Appeal from judgment of sentence of Court of Common Pleas, Trial Division, of Philadelphia, Aug. T., 1972, No. 40, in case of Commonwealth of Pennsylvania v. Walfredo Rodriquez.
Elaine DeMasse and John W. Packel, Assistant Defenders, and Vincent J. Ziccardi, Defender, for appellant.
Mark Sendrow and Steven H. Goldblatt, Assistant District Attorneys, Abraham J. Gafni, Deputy District Attorney, Richard A. Sprague, First Assistant District Attorney, and F. Emmett Fitzpatrick, District Attorney, for Commonwealth, appellee.
Watkins, P. J., Jacobs, Hoffman, Cercone, Price, Van der Voort, and Spaeth, JJ. Opinion by Van der Voort, J.
[ 234 Pa. Super. Page 295]
The Appellant, Walfredo Rodriquez, files this direct appeal from his conviction and sentencing on robbery charges. The charge arose out of a purse-snatching incident which took place on a Philadelphia Street on June 9, 1972. All of the Appellant's claims on appeal revolve around the identification evidence which provided the basis for his conviction.
The salient facts of record show that the victim was accosted in the mid-morning of that Spring day by the thief, who, after taking her purse, fled on foot. After reporting the incident, the victim was taken to a police station. The appellant, who was picked up in the vicinity of the robbery, was taken to the same facility.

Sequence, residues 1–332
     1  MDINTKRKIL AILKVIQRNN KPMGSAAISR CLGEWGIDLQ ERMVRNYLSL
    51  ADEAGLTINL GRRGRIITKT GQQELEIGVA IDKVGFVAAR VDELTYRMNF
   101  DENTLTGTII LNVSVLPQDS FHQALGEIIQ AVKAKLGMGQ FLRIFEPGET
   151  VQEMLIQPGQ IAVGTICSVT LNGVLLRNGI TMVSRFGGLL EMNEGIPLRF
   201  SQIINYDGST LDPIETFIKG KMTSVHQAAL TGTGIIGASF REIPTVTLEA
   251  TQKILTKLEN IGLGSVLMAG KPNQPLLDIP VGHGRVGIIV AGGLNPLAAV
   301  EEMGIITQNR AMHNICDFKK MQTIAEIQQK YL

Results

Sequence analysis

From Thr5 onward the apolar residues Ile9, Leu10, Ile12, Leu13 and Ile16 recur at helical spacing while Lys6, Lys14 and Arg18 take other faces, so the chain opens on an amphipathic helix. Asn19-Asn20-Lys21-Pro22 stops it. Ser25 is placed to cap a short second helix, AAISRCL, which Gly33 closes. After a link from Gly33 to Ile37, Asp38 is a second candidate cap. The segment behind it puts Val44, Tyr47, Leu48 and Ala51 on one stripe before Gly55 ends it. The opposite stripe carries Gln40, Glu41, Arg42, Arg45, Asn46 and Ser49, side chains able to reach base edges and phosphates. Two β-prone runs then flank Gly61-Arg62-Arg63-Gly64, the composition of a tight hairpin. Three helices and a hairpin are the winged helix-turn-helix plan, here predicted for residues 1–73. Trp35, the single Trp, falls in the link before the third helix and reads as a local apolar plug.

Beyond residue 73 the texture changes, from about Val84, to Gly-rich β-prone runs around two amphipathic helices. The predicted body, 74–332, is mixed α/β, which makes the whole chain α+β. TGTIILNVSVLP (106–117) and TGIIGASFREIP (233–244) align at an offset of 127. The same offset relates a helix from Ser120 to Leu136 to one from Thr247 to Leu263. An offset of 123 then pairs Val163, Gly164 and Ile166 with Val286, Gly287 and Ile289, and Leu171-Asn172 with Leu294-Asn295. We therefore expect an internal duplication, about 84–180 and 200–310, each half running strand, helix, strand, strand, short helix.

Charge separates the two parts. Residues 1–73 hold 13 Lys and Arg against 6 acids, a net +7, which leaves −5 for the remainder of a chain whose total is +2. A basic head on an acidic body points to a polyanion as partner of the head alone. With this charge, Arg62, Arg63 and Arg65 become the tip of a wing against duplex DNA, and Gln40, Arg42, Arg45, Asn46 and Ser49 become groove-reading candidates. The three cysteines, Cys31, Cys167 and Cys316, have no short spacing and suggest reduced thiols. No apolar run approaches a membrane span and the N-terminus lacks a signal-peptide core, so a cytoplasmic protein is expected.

At the Appellant's preliminary hearing, the victim testified that she identified the Appellant at the police station that morning. It was revealed at the preliminary hearing that the victim was taken to a doorway; when she looked through the doorway, she saw the Appellant alone in the room. She was asked by defense counsel if the police said anything to her at that time. She replied:
[ 234 Pa. Super. Page 296]
"About him?" The defense attorney replied affirmatively and the victim testified: "He asked me if that was the man and I said, yes, that was him."
The defense counsel, at preliminary hearing, then asked the following of the victim: "Did he ever ask you anything or tell you anything before that time?" No answer was forthcoming as the Commonwealth's counsel raised an immediate objection which was sustained. The victim did not testify further about her identification of Appellant in the police station.
Many twists of fate result in issues for litigation in our courts; in the instant appeal the questions which exist were all created by the untimely death of the victim, from natural causes, after the preliminary hearing, but before the trial. Prior to trial, it is apparent that the Commonwealth made known its plans to introduce at trial, a transcript of the victim's preliminary hearing identification testimony. The Appellant filed a motion to suppress such evidence but that request was denied and the transcript of the preliminary hearing was used by the Commonwealth as part of its proof at trial.
During the course of the trial, a police officer revealed for the first time that the victim had initially identified Appellant when he was brought into the room where she was being questioned. The police officer further testified the Appellant was taken into that room in handcuffs by another officer. According to the officer, the victim looked at the Appellant on that occasion and said, "That's him." Later, she was ...